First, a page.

Crude used for East Valley gasoline comes from all over the world, but the process to get it from the field to the tank is controlled by a handful of big oil companies.
They explore for, drill and pump it. They own most of the refineries to turn it into gasoline, and they make up the lion's share of the retail market.
Combine two decades of consolidation and mergers in the industry, increased demand for oil and a volatile world situation that has resulted in rampant market speculation, and the result is record high gas prices.
“You've got high crude prices, you've got state and federal gasoline taxes, you've got increased consumption — I mean who has stopped driving — you really do have U.S. refinery limitations, you've got the OPEC production cutbacks and you've got state environmental regulations that call for cleaner burning gasoline,” said George Seitts, Arizona Energy Office director.
“Energy products are always volatile. We've become used to pretty solid, steady supply and good prices. But if you look at things over time, there were warning signs. The country keeps growing, but the infrastructure doesn't grow,” he said.
About 70 percent of the gasoline in the East Valley comes from California and 30 percent from Texas. Most of the oil California's 13 refineries use to make the Valley's gas is produced in California and Alaska. About 30 percent of it is foreign oil that is shipped from as far away as Australia and as close as Canada.
Gasoline from Texas is refined in New Mexico and Texas using oil mainly from domestic fields. A small percentage comes from oil pumped in the Middle East and shipped to the Gulf Coast for refining.
Big oil companies, under contract with petroleum-rich countries, discover and drill for crude. The oil is shipped by pipeline to a coastal area where it is stored. The companies, either using their own or leased ships, load the oil at an off-shore platform and transport it to refineries in the United States.
Oil is unloaded and run through a pipeline to an off-shore port where it is pumped onto land and stored.
“All of these stages are costs reflected in the amount a refiner is willing to pay for a barrel of crude,” said Mark Baxter, adjunct professor and director of the Maguire Energy Institute at the Southern Methodist University Cox School of Business. “The guy who is selling that $41 a barrel oil, it did not cost him that much, so anything above and beyond that is profit for him.”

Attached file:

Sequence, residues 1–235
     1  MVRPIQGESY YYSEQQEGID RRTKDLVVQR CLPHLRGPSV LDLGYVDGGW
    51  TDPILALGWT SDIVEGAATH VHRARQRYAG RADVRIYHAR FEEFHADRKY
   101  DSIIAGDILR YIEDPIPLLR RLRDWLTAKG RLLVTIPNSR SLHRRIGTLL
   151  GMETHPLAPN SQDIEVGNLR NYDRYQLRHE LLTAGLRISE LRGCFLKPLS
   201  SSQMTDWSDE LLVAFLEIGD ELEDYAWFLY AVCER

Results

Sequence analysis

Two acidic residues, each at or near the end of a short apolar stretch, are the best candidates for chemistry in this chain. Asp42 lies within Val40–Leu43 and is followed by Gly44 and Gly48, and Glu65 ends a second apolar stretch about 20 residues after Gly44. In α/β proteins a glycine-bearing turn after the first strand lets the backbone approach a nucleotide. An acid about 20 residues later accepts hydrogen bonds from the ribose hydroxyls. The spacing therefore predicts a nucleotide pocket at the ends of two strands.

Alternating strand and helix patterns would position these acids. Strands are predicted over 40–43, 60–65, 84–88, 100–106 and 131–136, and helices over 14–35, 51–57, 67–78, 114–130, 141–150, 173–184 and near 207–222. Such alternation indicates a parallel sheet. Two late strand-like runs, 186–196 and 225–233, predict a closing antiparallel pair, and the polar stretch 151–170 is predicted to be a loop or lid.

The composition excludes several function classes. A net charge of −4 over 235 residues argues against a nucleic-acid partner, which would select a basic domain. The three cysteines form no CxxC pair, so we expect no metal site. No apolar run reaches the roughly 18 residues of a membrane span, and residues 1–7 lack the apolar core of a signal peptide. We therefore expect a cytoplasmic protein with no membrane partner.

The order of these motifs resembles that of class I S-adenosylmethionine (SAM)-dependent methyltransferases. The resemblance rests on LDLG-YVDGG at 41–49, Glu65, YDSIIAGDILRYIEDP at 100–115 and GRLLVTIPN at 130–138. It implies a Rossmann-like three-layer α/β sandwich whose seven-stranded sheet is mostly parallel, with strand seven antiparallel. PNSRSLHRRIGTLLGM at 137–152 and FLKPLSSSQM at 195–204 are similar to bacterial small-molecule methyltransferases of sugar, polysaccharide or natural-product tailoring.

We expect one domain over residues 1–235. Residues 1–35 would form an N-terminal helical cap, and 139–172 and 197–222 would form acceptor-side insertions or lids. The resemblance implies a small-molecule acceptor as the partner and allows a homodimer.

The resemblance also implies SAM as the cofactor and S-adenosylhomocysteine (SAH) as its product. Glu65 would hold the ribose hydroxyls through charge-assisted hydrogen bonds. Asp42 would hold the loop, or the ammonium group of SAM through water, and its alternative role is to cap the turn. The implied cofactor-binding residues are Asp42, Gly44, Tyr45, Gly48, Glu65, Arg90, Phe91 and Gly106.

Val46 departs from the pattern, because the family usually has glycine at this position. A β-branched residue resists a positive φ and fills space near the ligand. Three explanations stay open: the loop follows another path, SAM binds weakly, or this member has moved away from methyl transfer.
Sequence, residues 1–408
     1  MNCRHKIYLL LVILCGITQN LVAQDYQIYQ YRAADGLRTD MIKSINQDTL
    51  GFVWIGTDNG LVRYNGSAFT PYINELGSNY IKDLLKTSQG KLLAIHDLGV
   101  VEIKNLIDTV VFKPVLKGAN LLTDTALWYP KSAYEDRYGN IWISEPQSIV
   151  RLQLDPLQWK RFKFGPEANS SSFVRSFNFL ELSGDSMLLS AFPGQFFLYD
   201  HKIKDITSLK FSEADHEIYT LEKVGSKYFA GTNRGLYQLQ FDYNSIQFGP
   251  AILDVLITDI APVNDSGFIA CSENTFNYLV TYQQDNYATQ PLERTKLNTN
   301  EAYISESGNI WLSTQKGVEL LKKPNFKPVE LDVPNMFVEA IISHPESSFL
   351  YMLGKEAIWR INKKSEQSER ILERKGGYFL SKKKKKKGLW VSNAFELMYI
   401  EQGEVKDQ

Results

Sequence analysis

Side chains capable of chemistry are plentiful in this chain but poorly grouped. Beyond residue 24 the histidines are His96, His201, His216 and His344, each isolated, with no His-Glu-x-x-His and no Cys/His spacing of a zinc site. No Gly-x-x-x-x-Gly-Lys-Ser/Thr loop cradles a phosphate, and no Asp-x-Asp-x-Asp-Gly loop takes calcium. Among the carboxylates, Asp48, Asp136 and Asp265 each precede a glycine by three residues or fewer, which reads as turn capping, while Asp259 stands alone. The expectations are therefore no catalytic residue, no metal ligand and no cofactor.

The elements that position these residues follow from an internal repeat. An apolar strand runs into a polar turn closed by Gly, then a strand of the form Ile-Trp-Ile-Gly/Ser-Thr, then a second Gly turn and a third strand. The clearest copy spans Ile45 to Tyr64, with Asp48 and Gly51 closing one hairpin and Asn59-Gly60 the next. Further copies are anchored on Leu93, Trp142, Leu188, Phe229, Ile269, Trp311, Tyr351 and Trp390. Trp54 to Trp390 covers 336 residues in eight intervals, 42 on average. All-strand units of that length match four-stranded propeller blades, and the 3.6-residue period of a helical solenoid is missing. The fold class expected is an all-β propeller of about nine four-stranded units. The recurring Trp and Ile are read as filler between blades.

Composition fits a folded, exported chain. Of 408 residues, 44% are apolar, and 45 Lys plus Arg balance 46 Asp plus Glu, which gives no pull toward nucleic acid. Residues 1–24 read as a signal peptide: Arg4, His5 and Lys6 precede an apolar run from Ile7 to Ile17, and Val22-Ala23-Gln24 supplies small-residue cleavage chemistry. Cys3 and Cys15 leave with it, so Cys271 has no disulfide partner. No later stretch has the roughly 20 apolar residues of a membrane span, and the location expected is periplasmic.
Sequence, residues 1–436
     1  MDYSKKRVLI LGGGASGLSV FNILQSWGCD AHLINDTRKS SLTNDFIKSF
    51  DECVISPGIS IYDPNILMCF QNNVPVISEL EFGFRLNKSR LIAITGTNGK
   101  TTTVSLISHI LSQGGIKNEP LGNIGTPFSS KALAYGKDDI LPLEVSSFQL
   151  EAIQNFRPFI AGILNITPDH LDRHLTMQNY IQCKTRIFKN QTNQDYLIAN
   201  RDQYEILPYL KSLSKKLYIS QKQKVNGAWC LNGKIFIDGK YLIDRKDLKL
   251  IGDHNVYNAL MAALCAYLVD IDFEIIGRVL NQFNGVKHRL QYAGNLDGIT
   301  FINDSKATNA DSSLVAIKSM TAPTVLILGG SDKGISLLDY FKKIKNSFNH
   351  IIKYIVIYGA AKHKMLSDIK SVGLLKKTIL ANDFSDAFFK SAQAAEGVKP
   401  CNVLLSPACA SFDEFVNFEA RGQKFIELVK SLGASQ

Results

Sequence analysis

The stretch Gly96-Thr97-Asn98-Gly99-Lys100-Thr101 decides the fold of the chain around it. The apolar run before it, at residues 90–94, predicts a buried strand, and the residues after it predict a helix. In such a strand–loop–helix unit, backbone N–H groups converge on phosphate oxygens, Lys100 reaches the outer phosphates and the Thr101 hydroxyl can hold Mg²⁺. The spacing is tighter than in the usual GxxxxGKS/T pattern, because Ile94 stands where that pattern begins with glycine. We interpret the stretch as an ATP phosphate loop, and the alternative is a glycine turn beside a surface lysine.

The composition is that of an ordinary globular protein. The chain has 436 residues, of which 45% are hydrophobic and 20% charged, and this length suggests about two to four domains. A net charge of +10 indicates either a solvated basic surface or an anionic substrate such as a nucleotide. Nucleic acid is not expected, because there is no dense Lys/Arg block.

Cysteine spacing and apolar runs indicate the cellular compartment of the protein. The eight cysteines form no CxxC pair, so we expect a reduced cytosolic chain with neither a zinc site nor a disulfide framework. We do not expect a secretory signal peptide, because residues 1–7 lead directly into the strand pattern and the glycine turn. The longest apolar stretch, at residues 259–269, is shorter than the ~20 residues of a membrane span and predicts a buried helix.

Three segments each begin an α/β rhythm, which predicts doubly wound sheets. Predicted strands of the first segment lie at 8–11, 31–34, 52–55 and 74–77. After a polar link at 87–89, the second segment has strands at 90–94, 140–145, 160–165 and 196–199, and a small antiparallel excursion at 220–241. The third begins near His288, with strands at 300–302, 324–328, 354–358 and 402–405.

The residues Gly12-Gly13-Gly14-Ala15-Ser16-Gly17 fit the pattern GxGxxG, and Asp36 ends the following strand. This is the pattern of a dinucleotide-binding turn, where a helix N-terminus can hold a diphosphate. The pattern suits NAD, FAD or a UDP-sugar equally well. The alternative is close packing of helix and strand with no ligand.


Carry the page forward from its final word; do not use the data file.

The latest federal government statistics show the cost of crude oil is roughly half the cost of a gallon of gas. California Energy Commission numbers show for every $1 increase of the cost of a barrel of oil, there is an average increase of about 2 1/2 cents per gallon of gasoline. A $10 increase per barrel in crude prices means a 25 cent increase at the pump.
Once at refineries, oil is turned into gasoline, diesel, propane, butane, kerosene, or jet fuel, and heavy bunker fuel for power plants and ships. Gas is made and burned in the refinery process as fuel. The oil is also used to make asphalt and roofing shingles.
Gas is stored at the refinery before it is shipped by a pipeline to a marketing and distribution terminal in Phoenix. Ethanol is added to the gas to improve air quality. Additives that can cost consumers 5 cents to 7 cents a gallon are put in by oil companies that promise better engine performance. A truck hauls it to a gas station that pays a wholesale price. It is put in underground storage tanks for use by motorists.
While the margins can be figured at each step of the process, it's difficult to determine oil company profits.
“We're not reading their books,” said David Cowley of AAA Arizona. “We know what gas costs when it gets to the port and we know what we're selling it for wholesale, the difference is the margin. Break it down from there? We can't.”
For instance, Cowley questions why oil is selling for more than $40 a barrel when OPEC says its profits are suitable at prices between $22 and $28.
“To me, it's windfall profit,” he said. “That's not oil company money, that's more the producing country. That's OPEC. But the oil company makes money the whole way. The only place they are taking a serious risk is at the beginning in exploration. Exxon and Chevron are getting some of that $40. Presumably, Saudi Arabia is getting most of it. Then Exxon gets it again when they refine it.”
Baxter said finger-pointing at big oil companies may not be justified, even though he admits they are reporting record profits.
“They took the risk to get there,” he says. “Since I've been in the industry, what these companies do is they retire their debt and they reinvest. Oil companies have to replace reserves every year."